A Pantry Pasta Perfect for the Season

June 5, 2024
Dining & Wine
, , , , ,
0

My flight landed just before dinnertime last night. My family and I could easily have ordered in, but after four straight days of restaurant food — on a scouting trip for The New York Times — I craved the Zen of making dinner, which always soothes my travel frazzle. I wanted something fast, pantry-friendly and seasonal, to reflect this lovely warm weather we’ve been blessed with in the Northeast. Lo and behold, I found Ali Slagle’s lemon-garlic linguine, which checks every box.

It’s a pantry pasta perfect for the season. The acidity of the lemon juice and zest makes it lighter and brighter than the usual pantry pasta, and you can jazz it up with whatever fresh ingredients you have on hand: a handful of torn fresh herbs (I’ve got sorrel and mint on the deck), or some of those greens or sugar snap peas just coming into season, thinly sliced and cooked in the pasta water. Is it too early to proclaim this the Recipe of the Summer? It’s only been out for a couple of weeks and it already has a 5-star rating! Give it a whirl and let me know what you think — I’m at hellomelissa@nytimes.com. Let’s compare notes.


Featured Recipe

View Recipe →


Lemon juice also plays a critical role in Yasmin Fahr’s zucchini salad with bread crumbs. The citrusy, mustardy, anchovy-enhanced dressing soaks into raw zucchini cubes, softening them and imbuing them with flavor. A crunchy topping of fried capers and bread crumbs adds texture and heft. You can serve it with any pantry pasta that needs a side of vegetables, or make it the star of a summer lunch or light dinner.

There’s a small amount of lemon juice in Kay Chun’s herb-marinated pork chops, though it’s really just there to bring out the flavors of the herbs, garlic, shallot and olives. Boneless loin chops keep this on the leaner side for pork, and they cook up in a snap. And check out Kay’s wily technique: She marinates the pork after cooking instead of before, which means the meat absorbs sharp, fresh flavors that have not been dulled by cooking. This works wonderfully with any just-cooked meats and fish. For example, I would try it with seared boneless, skinless chicken thighs for an easy poultry-based weeknight dinner.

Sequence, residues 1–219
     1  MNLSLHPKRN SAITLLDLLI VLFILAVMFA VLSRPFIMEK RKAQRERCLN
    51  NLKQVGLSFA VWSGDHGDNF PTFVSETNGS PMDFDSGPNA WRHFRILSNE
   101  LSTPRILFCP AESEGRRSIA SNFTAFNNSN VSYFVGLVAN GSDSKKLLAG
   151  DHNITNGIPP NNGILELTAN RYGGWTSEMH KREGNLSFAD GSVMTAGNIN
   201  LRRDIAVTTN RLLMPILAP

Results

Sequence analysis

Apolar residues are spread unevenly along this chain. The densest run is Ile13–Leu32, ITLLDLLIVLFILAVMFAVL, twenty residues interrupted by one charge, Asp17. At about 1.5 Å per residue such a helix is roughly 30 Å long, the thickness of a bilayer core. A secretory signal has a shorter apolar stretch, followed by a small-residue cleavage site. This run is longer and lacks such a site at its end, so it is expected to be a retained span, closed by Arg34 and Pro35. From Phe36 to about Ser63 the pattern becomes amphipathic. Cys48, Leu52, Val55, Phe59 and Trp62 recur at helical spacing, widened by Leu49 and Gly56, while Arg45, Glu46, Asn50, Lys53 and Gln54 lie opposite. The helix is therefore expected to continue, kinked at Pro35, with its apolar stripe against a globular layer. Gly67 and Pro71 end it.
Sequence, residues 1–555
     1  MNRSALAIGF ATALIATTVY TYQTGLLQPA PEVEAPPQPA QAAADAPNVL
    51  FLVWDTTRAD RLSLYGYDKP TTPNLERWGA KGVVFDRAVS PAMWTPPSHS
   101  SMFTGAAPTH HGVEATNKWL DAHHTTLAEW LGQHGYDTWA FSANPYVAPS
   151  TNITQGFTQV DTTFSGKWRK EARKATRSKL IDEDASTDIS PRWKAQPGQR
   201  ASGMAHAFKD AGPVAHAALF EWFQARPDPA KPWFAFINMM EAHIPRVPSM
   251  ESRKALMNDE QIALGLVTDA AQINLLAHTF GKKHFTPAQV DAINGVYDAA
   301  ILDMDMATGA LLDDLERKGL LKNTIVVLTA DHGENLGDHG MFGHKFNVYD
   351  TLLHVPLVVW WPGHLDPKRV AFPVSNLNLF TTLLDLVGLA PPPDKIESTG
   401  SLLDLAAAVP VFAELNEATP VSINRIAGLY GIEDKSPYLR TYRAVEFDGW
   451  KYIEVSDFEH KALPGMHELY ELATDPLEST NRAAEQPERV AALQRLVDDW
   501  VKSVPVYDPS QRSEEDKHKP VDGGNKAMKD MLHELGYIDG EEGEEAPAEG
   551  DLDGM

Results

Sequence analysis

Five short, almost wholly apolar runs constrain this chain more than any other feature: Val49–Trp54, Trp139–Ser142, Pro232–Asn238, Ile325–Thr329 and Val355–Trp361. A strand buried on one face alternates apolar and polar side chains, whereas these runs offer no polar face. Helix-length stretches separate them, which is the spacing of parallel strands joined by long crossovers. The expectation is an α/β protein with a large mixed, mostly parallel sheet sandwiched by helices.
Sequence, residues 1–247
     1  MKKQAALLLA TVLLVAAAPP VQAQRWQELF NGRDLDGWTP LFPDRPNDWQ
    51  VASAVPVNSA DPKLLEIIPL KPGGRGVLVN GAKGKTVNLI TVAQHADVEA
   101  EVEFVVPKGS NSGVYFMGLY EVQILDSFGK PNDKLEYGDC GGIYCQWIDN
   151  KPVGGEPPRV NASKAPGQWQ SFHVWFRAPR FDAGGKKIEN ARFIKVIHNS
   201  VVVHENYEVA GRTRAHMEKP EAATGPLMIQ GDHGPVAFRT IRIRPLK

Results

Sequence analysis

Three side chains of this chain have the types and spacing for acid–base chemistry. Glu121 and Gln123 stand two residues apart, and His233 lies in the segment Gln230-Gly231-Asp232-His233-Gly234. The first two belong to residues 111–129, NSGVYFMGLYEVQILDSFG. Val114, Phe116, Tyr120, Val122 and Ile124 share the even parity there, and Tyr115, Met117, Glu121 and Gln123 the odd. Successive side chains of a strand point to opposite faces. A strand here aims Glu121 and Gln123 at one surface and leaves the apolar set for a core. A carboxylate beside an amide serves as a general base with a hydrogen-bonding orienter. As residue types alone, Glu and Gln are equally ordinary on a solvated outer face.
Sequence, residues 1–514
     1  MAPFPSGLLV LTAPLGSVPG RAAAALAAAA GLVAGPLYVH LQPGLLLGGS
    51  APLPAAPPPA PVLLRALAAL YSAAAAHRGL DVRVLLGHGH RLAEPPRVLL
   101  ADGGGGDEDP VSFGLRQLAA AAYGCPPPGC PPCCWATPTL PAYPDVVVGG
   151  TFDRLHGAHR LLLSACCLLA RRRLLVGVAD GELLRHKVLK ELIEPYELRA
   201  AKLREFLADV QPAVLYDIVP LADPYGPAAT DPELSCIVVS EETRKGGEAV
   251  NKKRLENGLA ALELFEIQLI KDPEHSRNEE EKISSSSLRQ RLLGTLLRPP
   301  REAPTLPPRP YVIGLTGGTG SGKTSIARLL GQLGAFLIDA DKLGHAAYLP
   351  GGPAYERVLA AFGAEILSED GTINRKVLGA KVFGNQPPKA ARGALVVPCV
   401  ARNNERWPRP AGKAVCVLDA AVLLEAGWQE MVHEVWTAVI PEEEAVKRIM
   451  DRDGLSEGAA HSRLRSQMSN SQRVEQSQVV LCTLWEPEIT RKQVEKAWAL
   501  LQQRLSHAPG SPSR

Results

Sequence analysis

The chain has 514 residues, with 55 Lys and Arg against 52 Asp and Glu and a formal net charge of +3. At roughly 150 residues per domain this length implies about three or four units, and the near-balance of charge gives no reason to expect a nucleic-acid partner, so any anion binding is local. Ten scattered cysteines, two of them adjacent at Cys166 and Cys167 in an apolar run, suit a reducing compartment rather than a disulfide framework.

For another full-flavored chicken thigh option, the honey and soy sauce mixture on Kay’s glazed chicken thighs caramelizes in the oven, turning sticky and salty-sweet. Serve it with a stack of napkins for those who love to eat poultry with their hands (that’s me!).

No point in eating Yasmine’s ginger-garlic shrimp with coconut milk with your hands, though — the creamy, spicy broth (and the rice that absorbs it) has to be scooped with a spoon. Then you can pluck out the fat shrimp and floppy spinach leaves with your chopsticks.

Finally, for dessert, let’s circle back to lemon with a pan of lemon-blueberry bars. The jammy berries add color and sweetness to these beloved tart treats. Be sure to serve them cold, straight from the fridge, for the firmest and best texture. They can get a little runny if left at room temperature too long.

Obviously, you’ll want to subscribe to get these and all the other thousands upon thousands of recipes we have waiting for you at New York Times Cooking. And if you need any technical advice (where did the search bar go, why can’t I print), send an email to cookingcare@nytimes.com — the smart folks there can help sort it all out.

That’s all for now. See you on Wednesday.

Link Us To Social Media

Related Posts

Leave Comment